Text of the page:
This puzzle was knot difficult -- the few clues I didn't know were easily filled by the crosses. EMS (Printer's widths) was new to me, and I'm not up on my early Alaskan governors (EGAN) or The Sopranos actors (ILER). Like the cute clue for ONUS.

@Orange: "Holy bear in the sky"??? LOL Thanks for the informative write-up.

chefbea said...

I always tied my kid's shoes with a double knot. There was no velcro back then.

Is it ok to have Aone and Ateam in the same puzzle??

Bohica said...

If this was a Wednesday NYT difficulty level I'm getting good! I'm thinking not. I do like the fact that it was a panagram, that cannot be easy to pull off, but this puzzle went down smooth as silk (pun intended).

Liked the cluing for ONUS and ZAPPA. Hate using a calculator for solving a crossword (my only help today).

bluebell said...

Worked straight through this one with only momentary hesitations. Agree that stopping to translate and work out Roman Numeral math problems is a pain. Is there someone who can do those without translating?

Cacophonies is a lovely word. Almost onomatopoetic.

*David* said...

My general principal with Roman numeral calculations fill is to fill them in through the crosses. I refuse to play that game unless I'm absolutely stuck.

Orange said...

You know what I forgot to mention? That I looked at the crossings for 45D and was thinking CAPRA would fit. Then I read the clue and said to myself, "Frank! Yep." and filled in CAPRA. Did not take me long to fix that with ZAPPA, but it amused me.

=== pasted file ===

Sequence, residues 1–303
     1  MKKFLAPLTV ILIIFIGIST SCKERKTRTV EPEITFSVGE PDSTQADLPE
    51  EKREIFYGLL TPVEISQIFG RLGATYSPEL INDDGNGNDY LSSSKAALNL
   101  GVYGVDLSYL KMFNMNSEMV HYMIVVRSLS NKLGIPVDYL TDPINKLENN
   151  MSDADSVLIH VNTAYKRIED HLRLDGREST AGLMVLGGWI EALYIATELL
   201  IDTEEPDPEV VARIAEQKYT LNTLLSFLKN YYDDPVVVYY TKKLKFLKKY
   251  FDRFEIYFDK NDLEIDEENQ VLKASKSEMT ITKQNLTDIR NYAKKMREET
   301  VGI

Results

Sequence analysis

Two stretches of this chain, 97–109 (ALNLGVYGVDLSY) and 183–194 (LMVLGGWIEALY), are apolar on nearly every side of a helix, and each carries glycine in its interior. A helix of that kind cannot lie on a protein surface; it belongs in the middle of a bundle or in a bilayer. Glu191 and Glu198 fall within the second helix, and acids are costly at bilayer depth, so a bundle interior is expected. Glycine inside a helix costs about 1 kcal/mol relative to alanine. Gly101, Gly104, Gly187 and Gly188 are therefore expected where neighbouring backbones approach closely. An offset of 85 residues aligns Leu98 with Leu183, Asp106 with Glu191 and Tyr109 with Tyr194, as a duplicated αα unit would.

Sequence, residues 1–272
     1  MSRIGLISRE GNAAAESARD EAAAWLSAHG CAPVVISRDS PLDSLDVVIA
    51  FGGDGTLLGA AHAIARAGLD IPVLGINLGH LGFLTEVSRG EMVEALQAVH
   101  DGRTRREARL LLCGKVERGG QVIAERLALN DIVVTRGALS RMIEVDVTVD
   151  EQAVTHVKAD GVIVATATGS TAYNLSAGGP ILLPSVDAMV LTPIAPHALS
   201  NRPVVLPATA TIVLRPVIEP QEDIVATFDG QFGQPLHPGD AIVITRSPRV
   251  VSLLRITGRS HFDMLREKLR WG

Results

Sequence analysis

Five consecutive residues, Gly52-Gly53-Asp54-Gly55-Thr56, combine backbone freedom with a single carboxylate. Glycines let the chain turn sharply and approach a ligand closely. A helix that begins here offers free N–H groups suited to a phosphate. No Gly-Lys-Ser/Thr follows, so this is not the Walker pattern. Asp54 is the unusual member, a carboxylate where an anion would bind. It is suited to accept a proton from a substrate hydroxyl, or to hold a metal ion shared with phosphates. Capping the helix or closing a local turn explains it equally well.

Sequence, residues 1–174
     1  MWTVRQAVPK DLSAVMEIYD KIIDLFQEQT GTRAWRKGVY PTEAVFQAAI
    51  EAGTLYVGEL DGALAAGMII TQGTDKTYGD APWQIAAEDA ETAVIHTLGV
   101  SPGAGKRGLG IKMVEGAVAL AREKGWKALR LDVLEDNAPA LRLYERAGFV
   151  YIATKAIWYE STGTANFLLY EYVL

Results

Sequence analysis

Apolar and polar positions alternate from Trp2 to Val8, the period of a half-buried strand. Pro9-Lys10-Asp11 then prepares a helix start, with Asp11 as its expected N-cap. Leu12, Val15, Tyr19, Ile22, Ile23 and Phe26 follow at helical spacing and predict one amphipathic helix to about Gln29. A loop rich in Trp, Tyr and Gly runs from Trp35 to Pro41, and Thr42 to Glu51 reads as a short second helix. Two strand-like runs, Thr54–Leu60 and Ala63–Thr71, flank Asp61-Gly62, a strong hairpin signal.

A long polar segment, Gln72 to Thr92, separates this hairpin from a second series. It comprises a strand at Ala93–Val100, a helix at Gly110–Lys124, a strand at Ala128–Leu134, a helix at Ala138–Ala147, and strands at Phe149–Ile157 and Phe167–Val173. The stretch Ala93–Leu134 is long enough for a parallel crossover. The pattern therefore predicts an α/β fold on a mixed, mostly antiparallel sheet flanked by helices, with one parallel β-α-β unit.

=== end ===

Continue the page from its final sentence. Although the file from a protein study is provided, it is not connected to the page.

I must've been off kilter yesterday because nobody else seems to think this puzzle was Wednesday level. Maybe Frank Capra slowed me down more than I thought.

ddbmc said...

I think I mentioned Frank Zappa in the comments about 2 weeks ago? Included his musical piece, "Peaches in Regalia,". Not a big Zappa fan, per se, but he was always the Bad Boy of Rock And Roll years ago--now everyone seems to be!

I'm with JohnsNH et al,(nice Avatar!) on the Roman Numeral Math-not my fav.
"Double Indemnity" IS a great movie!

Re: Vlad-met up with a Russian gentleman on the ski lift many years back. A friend and I were taking a lesson and Vlad was in the class. My friend, who can talk to anyone, couldn't get a word out of him on the lift. When it was my turn to ride with him, he chatted a blue streak. My friend then dubbed me "Queen of Vladding" meaning I could get anyone to talk! We now refer to chatting up normally shy people as: Vladding.....
Wondered who did the music for the opening credits for "Dracula" and Wiki lists it as Philip Glass. Redone in 1998. Who d'thunk?

Hopefully, "Hayley Bales", who doesn't care for bales of hay, still likes to make hay!
@Sfingi--they're just my initials. Nothing special!

JIMMIE said...

Hay bales can be bound with twine or wire. If wire, watch out for the Joan Crawford hanger wire gal because balin' wire is just as good for that task.

Out here in CA, the bear is the OSO, the Spanish word. Could be clued as a Bear over Baja.

Nice puzzle & writeup. Loved the Dracula movie clip.

Van55 said...

NO NO NO NO!!!! No puzzle with a Roman numeral arithmetic problem is "fine." Sorry, gotta give this one an F.

JIMMIE said...

On second thought, a bear over Baja is still an URSA.

PlinyTheReally,ReallyYounger said...

Quick lession in Roman Numeral Math: NNII x JJII = KKIV (N, J, K ) random Roman Numerals (other than V). We all know I & V right? 2x2 = 4 Right? Let the M/L/C/D fill itself in later.


@crazycatlady, shrub5, and ddbmc
That avatar is not really a scary pumpkin, it's my swollen head!
From solving this "difficult" puzzle so fast. Sometimes CWs just click and I don't know why.